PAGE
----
New skills tests for 10-year-olds have been dropped and a longer timescale proposed for the introduction of moderated teacher assessment in Wales.
But critics say the moderation arrangements will add to teacher workload, and are concerned about how they will dovetail with changes to the national curriculum from 2008.
Statutory skills tests for Year 5 pupils in literacy, numeracy and problem-solving - aimed at improving transition to secondary education - were a key recommendation of the Daugherty assessment review group.
Its 2004 report led to the abolition of compulsory national tests (Sats) for 11 and 14-year-olds in Wales. It proposed that these pupils' attainment should be measured by teacher assessment only.
However, teachers' judgements should be moderated to ensure consistency within and between schools - via secondaries working with clusters of feeder primaries at key stage 2, and by external accreditation of secondary schools' assessment procedures at KS3.
The Assembly government has been piloting beefed-up KS23 assessment along these lines. But it has dropped skills tests and delayed Daugherty's Y5 skills profiles to 200910, in a consultation document published this week.
A government spokesperson said it wanted to avoid recreating a "tests culture". The Y5 profile, to be shared with parents and secondaries, would maintain the Daugherty focus on progression across transition. The timetable for phasing in moderated teacher assessment was intended to address workload and manageability concerns, he added.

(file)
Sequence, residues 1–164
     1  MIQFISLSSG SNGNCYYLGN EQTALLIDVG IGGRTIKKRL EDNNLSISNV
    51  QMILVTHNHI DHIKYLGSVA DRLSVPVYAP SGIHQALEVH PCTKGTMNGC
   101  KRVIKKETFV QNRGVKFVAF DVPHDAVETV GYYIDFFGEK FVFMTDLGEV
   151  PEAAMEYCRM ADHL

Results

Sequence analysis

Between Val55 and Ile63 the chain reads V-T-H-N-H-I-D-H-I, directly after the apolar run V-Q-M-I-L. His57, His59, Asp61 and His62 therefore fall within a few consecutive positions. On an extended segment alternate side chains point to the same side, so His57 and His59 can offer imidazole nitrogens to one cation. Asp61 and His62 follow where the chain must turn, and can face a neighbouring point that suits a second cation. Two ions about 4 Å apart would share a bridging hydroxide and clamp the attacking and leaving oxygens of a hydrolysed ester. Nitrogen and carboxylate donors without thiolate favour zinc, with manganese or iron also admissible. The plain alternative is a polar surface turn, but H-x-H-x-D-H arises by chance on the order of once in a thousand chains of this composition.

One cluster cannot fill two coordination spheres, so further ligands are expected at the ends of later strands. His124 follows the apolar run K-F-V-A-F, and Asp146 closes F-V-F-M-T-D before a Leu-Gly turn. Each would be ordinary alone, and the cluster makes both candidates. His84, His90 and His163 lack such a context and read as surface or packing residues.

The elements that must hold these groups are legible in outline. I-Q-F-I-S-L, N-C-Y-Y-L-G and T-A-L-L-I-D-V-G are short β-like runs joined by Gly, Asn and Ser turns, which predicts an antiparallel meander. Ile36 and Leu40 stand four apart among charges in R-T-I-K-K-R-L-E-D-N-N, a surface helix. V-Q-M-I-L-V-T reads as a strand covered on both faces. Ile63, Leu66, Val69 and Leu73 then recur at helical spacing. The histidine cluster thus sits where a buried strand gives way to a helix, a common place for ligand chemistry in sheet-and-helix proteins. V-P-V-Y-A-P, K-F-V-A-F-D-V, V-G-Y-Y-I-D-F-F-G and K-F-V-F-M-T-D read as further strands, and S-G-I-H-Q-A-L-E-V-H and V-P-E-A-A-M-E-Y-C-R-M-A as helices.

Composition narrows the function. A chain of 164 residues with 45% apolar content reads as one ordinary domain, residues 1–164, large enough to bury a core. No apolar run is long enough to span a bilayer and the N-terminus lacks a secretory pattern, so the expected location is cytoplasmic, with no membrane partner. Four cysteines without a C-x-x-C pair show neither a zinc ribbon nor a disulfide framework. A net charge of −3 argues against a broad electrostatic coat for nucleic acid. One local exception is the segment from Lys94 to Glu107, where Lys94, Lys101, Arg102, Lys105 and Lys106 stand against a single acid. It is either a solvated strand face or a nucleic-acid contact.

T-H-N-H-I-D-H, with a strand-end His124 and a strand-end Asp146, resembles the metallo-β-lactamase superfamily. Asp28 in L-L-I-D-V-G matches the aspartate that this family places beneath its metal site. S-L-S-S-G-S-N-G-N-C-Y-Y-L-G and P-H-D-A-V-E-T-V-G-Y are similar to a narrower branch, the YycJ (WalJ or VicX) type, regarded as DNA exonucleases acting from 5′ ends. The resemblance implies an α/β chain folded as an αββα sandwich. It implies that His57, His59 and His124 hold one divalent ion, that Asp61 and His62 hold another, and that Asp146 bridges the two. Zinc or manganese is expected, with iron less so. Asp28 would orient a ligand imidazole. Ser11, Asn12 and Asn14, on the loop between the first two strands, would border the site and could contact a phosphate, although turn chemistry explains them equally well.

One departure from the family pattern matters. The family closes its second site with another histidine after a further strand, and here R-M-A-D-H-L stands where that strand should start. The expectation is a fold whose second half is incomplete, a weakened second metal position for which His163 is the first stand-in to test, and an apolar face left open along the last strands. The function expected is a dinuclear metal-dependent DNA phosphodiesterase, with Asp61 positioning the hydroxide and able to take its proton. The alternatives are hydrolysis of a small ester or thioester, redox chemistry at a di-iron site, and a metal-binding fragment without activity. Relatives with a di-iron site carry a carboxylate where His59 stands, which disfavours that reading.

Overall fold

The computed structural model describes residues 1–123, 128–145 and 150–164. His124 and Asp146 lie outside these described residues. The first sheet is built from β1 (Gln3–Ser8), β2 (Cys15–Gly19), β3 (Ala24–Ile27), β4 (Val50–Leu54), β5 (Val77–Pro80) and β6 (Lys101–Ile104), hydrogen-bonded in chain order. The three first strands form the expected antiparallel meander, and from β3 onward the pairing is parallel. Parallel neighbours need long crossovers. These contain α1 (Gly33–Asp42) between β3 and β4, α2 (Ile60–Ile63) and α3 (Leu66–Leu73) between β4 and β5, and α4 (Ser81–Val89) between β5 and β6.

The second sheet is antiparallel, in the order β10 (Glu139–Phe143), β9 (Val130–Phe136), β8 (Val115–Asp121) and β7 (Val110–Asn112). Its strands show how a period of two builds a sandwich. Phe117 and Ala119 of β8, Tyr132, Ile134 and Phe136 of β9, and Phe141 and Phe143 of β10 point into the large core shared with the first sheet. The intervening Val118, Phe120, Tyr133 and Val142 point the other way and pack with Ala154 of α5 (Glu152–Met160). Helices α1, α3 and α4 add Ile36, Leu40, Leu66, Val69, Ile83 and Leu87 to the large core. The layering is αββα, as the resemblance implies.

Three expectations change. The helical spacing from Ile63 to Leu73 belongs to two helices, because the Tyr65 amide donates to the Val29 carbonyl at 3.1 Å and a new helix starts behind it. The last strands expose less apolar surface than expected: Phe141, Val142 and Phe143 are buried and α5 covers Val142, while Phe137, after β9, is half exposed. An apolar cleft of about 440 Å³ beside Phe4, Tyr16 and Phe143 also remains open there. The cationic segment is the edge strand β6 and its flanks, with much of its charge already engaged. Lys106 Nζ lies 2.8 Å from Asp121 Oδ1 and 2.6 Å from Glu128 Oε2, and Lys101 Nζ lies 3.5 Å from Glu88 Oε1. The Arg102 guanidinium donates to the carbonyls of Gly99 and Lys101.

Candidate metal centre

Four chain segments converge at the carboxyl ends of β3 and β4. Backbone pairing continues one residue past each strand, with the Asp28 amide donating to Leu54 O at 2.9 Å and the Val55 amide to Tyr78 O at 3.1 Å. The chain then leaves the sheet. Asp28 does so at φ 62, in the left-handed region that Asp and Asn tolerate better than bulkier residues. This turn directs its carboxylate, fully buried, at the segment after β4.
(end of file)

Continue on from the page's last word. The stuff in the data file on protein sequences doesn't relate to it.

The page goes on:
Gareth Jones, secretary of the Association of School and College Leaders Cymru, remains concerned about workload and "one-size-fits-all" clustering arrangements. Welsh-medium secondaries, for example, often draw pupils from dozens of primaries across wide geographical areas.
But he welcomed the extended timetable. He said: "We had raised concerns about changing the assessment system when the curriculum changes in 2008.
The proposals indicate those concerns have been considered."
Geraint Davies, policy officer of teachers' union the NASUWT Cymru, warned that assessment pilots were already generating extra work for teachers.
"We were promised a streamlined assessment system. But these proposals could easily increase the workload of teachers at the end of key stages."
The consultation document says primary schools will receive new optional assessment materials for English, Welsh, maths and science this month, and national guidelines on moderating teacher assessment in autumn 2007.
They will be expected to implement internal moderation of teachers'
judgements from springsummer 2008, and to be involved in cluster moderation arrangements a year later.
Secondary schools will receive national guidance in autumn 2007. All core subject teams will be expected to have provided samples of pupils' work for external moderation by summer 2008.
At the same time, pupil-level data from non-core subjects will be collected for the first time, with all non-core subject teams externally moderated by summer 2010.
National curriculum assessment arrangements for key stages 2 and 3, consultations close January 12, see new.wales.gov.uk